Table 1 summarizes descriptive statistics for the five hyoid kinematic parameters of interest by movement direction and bolus volume. Results for maximum hyoid displacement have been reported previously  and showed that maximum position was significantly greater for the 20 mL volume, compared to the 5 mL and 10 mL volumes , . The effect size for this comparison was small (). Maximum position captured in a single plane, that is, either the anterior () or superior () directions of movement, did not show statistically significant variation across bolus volume.
Hyoid burst movement distance from onset to maximum displacement position did not show any significant variations for any movement direction according to bolus volume.
Hyoid burst movement durations were not significantly influenced by bolus volume.
Measures of hyoid burst velocity (i.e., movement distance/movement duration in mm/s) reflected the absence of volume specific variation seen in the component measures described above.
Peak velocity measured in mm/s was unaffected by bolus volume in the anterior and directions. However, significantly faster peak velocities were seen in the vertical direction for the 20 mL volume, compared to those seen for the 5 mL volume, , ; Cohen’s (medium effect size).
Temporal Correspondence between LVC and Hyoid Peak Velocity. The temporal location of LVC and hyoid peak velocity (i.e., hyoid peak speed) were compared using data for all bolus volumes, with both parameters expressed as a % of the hyoid burst duration. On average, the frame of LVC was located 43% into the hyoid burst movement (95% confidence interval: 41–46%), while the frame corresponding to peak velocity was located 38% into the burst movement (95% confidence interval: 36–41%). As shown in Figure 2, there was a statistically significant correlation between these events (, , ). In other words, the earlier the peak hyoid burst velocity was achieved, the earlier the occurrence of laryngeal vestibule closure, and vice versa.
This study provides new insights regarding hyoid movement in liquid swallowing. The data fail to show significant differences in hyoid movement distance, duration, or overall measures of velocity (distance/duration) as a function of volume, for liquids ranging from 5 to 20 mL in target volume. However, the maximum displacement position of the hyoid was further away from the anatomical origin of our measurement system for 20 mL boluses than for smaller boluses, and peak velocities were greater for the superior movement axis for these 20 mL boluses. Thus, although the distance and overall rate of change in position between hyoid starting position and maximum displacement remain stable across different volumes, larger volumes elicit movements that achieve higher peak velocities across the movement trajectory. The absence of differences in movement distance in combination with an increase in maximum displacement for the 20 mL volume implies by definition that the starting position of the hyoid at the beginning of its burst was also greater with this larger volume than for the 5 and 10 mL volumes; post hoc exploration of the data confirmed this prediction with respect to anterior starting position ( = 6.314, ) and X-Y starting position ( = 5.18, ), relative to the C4 origin of the coordinate measurement system. We interpret this finding to reflect preswallow accommodation of bolus volume in terms of hyoid positioning. In addition, the current data point to a temporal relationship between the time at which hyoid movement peak velocity occurs and the moment of laryngeal vestibule closure, and, based on this relationship, suggest that faster peak velocities will contribute to earlier LVC. If peak velocity for hyoid movement acts similarly to peak velocity for limb movement, these data suggest that larger volumes elicit hyoid movements with greater power and that associated increases in the peak velocity of hyoid burst movement may be governed by the requirement of achieving earlier laryngeal vestibule closure and airway protection. In the presence of larger volumes, it is reasonable to assume that the biological imperative to close the laryngeal vestibule might be greater, given that larger volumes may flow more rapidly into the pharynx under the influence of gravity. Future studies investigating the velocity of bolus flow as a function of volume will be needed to fully support this interpretation. Nevertheless, the close timing correspondence between peak hyoid speed and laryngeal vestibule closure suggests a functional relevance for measures of hyoid velocity.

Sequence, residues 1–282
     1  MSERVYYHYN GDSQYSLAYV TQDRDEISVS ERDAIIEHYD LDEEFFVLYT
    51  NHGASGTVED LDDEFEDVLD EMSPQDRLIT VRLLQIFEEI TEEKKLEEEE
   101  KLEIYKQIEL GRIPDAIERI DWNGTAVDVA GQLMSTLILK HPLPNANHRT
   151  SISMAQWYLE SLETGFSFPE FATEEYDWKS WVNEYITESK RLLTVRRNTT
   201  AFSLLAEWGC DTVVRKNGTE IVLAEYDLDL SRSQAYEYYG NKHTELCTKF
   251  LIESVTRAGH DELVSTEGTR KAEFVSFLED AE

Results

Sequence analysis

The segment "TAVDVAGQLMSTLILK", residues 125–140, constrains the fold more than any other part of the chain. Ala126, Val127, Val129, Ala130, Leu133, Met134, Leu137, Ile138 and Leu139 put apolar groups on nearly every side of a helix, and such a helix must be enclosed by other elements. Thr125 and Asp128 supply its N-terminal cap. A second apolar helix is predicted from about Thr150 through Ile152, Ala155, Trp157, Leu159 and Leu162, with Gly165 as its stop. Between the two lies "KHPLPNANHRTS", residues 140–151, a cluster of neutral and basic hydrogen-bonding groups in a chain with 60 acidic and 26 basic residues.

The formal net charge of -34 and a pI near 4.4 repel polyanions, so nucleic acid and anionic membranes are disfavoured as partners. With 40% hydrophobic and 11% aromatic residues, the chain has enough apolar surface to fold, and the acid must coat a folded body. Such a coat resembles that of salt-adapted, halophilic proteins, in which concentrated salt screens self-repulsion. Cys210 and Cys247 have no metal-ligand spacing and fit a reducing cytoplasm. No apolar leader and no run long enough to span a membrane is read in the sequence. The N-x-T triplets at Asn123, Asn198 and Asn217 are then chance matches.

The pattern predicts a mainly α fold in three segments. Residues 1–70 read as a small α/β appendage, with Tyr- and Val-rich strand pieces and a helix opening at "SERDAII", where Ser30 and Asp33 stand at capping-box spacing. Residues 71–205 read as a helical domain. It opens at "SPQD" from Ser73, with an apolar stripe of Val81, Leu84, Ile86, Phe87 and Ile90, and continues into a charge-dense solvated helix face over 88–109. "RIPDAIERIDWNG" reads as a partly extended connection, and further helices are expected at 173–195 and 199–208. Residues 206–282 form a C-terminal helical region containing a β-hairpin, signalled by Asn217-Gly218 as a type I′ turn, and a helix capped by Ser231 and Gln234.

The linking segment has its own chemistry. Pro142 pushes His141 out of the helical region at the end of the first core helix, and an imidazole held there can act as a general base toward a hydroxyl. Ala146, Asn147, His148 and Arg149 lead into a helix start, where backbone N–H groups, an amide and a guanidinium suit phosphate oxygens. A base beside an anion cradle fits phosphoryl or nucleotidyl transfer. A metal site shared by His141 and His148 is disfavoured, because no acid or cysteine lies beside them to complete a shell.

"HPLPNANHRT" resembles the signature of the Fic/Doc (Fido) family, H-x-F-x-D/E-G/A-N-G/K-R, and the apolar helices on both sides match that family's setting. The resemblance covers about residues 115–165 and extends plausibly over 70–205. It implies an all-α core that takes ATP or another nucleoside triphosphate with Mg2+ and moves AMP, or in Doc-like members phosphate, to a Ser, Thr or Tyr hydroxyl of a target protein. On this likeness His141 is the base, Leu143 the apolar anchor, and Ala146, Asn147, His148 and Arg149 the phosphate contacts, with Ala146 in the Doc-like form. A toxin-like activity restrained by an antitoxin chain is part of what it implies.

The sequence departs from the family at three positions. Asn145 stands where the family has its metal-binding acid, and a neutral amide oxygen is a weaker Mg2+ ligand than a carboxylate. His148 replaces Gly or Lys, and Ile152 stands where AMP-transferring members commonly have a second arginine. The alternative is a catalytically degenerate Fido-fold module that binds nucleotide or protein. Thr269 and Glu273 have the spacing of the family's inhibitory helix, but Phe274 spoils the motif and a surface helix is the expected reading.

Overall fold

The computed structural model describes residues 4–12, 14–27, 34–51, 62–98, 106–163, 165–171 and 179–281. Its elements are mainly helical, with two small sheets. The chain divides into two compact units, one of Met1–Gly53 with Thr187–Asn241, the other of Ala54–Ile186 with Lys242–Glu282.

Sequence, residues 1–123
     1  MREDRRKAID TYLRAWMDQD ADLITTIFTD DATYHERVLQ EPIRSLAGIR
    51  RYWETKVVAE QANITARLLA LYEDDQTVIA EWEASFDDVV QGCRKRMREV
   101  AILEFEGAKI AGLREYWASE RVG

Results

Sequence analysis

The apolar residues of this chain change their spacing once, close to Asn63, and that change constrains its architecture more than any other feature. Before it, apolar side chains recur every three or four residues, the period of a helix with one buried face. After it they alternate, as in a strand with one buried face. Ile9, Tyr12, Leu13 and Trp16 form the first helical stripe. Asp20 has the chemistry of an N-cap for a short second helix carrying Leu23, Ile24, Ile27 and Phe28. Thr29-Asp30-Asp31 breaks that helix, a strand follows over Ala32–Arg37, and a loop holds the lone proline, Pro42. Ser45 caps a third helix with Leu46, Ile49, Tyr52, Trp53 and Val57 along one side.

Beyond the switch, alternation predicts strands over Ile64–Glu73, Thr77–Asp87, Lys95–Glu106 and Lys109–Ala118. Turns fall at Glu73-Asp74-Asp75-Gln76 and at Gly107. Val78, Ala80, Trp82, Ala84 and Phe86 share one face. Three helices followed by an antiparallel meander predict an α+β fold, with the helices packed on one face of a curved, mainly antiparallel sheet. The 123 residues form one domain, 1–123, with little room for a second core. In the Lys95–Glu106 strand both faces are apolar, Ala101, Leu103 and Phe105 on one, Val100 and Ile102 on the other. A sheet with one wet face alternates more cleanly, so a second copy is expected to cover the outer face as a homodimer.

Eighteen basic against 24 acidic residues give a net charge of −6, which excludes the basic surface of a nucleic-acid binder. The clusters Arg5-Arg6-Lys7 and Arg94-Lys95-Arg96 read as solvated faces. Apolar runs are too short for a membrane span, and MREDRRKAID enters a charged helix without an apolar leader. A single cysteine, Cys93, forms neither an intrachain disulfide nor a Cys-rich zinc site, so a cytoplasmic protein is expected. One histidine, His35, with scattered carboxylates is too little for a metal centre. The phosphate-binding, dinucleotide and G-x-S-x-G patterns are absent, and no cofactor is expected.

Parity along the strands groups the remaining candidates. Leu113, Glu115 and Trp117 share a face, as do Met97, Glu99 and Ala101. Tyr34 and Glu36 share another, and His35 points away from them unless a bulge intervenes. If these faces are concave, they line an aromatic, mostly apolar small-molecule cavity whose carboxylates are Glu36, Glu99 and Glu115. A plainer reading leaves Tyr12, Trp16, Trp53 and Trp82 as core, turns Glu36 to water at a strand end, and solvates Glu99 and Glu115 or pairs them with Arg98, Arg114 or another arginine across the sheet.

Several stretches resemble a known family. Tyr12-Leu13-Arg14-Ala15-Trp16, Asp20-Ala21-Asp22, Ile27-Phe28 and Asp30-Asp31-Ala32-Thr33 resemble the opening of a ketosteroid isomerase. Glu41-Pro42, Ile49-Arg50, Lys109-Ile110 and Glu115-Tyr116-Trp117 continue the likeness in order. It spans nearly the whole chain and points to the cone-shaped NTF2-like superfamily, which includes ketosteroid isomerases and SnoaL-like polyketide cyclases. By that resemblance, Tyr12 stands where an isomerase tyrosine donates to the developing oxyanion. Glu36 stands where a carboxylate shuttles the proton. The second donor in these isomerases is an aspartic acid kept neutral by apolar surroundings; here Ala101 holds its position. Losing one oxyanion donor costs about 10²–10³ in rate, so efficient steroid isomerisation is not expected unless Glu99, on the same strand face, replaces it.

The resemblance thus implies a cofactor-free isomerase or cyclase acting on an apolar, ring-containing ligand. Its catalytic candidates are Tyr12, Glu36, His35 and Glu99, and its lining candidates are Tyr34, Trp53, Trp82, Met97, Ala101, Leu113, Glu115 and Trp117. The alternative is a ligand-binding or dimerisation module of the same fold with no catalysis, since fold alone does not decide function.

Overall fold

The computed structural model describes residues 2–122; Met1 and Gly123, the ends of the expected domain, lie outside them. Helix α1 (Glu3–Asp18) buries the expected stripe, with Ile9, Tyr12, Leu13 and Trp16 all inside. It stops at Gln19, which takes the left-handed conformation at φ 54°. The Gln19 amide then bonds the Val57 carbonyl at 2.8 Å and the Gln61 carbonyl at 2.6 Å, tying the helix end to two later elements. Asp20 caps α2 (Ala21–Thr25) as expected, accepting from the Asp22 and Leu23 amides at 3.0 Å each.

Prior studies by Van Daele and colleagues and Paik et al. [2, 11] have suggested that reduced peak velocities of hyoid movement may be a characteristic of impaired swallowing. Our data provide preliminary descriptive statistics on hyoid burst kinematics for healthy swallowing of liquid boluses in the 5–20 mL range, which can serve as a reference in future studies to confirm whether disordered hyoid kinematics are seen in people with dysphagia. These data also provide preliminary support for the idea that rehabilitative techniques emphasizing higher peak velocities of submental muscle contraction for hyoid displacement may have the potential to facilitate more timely laryngeal vestibule closure. Similarly, our data point to the possibility that use of larger boluses may be an effective therapeutic method for increasing hyoid burst velocity, and thereby facilitating earlier LVC in patients who demonstrate slow closure with smaller volumes. Future studies employing methodological control of bolus volume and anatomically referenced measures of hyoid displacement and hyoid kinematics will be needed to confirm these suggestions.
Conflict of Interests
The authors have no conflict of interests to disclose.
This study was supported through doctoral research funding to the second author from the Natural Sciences and Engineering Research Council (Canada) Create CARE program, the Ontario Student Opportunity Trust Fund, and the Ontario Graduate Studies Scholarship Program. Additional funding support came from the National Institutes of Health R01DC011020 to C. M. Steele. The authors thank Sarah Hori, Chelsea Leigh, and Clemence Yee for assistance with data collection and analysis and acknowledge the support of the Toronto Rehabilitation Institute, University Health Network, which receives funding under the Provincial Rehabilitation Research Program from the Ministry of Health and Long-term Care in Ontario. The views expressed do not necessarily reflect those of the ministry.